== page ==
The idea of a healthy body is also being compromised by 16-plus mannequins used by several high-street department stores. In fact, in a 2014 interview with Reveal magazine, Miller states: “As a nation, we are putting out the message that obesity and poor health are ok” (Whiteley, 2014). If larger women are exalted as ideal beauties, overweight women will consequently be influenced by them and encouraged to get “fatter” even if their health might be compromised. One important study, conducted by two Italian researchers at the University of Bologna and presented at the Royal Economic Society’s 2000 annual conference, has confirmed that if the ideal beauty is represented by an overweight body the result will be that society will tend to emulate it. In fact, “almost the 40% of western society is obese” (Pagani, 2011). This study conducted by the two researchers tended to raise awareness about eating disorders to governments and advertisement companies around the world.
Several European countries, including the UK, have signed specific agreements with the fashion system in order to redefine the beauty standards offered to the public.
These standards include: larger models on runways, more size-comfortable clothes available in stores for women and men and prohibition to define size 14 “outsized”.
According to Jennifer Craik, fashion and textile professor at RMIT University in Melbourne, Australia, “Many women are influenced by general trends in fashion and follow the activities of the fashion industry. The relationship between couture (elite designers and consumers) and everyday fashion (high street designers and consumers) is complex. Everyday fashion is also influenced by the system of looks generated by high street designers, endorsed by the editors of fashion magazines and the buyers for large department stores and fashion boutiques” (Craik, 2005).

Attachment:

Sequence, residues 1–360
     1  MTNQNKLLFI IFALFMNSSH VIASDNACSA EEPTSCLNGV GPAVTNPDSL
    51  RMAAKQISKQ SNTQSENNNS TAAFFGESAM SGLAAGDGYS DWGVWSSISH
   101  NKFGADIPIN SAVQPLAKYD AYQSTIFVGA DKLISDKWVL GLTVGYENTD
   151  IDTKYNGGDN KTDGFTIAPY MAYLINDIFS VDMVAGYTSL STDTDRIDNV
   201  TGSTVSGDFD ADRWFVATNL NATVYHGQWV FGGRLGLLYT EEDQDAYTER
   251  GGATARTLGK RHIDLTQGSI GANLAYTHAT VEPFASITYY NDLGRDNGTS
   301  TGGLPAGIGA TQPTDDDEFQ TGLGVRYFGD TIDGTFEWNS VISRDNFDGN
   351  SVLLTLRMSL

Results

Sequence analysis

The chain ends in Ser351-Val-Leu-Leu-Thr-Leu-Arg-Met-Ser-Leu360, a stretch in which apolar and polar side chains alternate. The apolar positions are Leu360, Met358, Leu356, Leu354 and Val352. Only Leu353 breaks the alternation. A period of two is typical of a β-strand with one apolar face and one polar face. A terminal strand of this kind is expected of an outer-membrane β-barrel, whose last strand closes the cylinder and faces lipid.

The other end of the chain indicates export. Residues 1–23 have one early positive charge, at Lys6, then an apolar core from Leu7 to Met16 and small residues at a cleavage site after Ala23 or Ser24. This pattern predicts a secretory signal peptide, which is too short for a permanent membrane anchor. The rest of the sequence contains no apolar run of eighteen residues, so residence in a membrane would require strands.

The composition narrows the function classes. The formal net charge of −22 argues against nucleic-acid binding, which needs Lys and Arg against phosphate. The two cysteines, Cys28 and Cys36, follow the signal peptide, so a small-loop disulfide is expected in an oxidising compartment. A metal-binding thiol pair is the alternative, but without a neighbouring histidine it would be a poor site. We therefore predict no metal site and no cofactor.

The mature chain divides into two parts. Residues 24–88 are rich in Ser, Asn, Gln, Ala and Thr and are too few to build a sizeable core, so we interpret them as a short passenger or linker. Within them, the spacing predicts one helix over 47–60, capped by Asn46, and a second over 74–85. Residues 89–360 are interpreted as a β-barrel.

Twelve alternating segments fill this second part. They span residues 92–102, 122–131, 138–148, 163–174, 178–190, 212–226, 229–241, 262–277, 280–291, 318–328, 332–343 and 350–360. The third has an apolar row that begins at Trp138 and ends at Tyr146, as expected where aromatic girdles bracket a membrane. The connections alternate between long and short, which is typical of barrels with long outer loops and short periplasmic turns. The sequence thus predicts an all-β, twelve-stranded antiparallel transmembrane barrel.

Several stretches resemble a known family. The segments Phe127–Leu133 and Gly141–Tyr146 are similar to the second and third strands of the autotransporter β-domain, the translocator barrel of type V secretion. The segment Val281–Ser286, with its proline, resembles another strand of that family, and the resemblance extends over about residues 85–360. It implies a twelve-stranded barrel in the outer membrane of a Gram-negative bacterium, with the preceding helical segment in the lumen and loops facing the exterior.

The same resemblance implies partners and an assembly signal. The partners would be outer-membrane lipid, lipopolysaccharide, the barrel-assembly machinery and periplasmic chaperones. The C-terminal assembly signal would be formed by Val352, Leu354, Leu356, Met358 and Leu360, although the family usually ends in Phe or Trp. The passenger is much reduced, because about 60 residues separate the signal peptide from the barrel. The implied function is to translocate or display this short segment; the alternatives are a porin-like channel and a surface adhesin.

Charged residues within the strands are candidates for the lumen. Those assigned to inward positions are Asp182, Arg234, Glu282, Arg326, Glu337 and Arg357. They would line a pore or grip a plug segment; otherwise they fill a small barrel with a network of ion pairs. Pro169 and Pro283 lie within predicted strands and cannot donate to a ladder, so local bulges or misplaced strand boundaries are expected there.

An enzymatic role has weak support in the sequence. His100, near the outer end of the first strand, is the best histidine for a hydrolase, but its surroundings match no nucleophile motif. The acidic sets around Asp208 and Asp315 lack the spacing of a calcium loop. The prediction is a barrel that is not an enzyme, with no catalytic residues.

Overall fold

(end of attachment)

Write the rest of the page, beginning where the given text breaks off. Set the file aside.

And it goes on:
She also points out that “Above all, fashion must be wearable and suit lifestyles that involve active doing (work) rather than leisure. Consequently, successful high street designers must be attuned to the patterns of everyday life and stylistic trends among ordinary consumers” (Craik, 2005).
This is the reason why many high-street stores have introduced plus size mannequins by pointing on meeting the needs of ordinary women whose average size is around 14. According to the Include Asia Conference 2013 Report, there are limited high-street fashion brands which are promoting “inclusive design principles” (Include Asia Conference Report, 2013). Examples of inclusive designs are: Marks & Spencer which “has recently promoted advertising campaigns and clothing ranges designed for consumers from all ages and H&M, whose clothing is also designed for female consumers sized 16-30” (Include Asia Conference Report, 2013). Even though the average British woman dress size is growing, it is still difficult for elite fashion brands to display in their shop windows 16-plus mannequins. Karl Lagerfeld once said: “The world of fashion is about dreams and illusions and nobody wants to see a round woman.”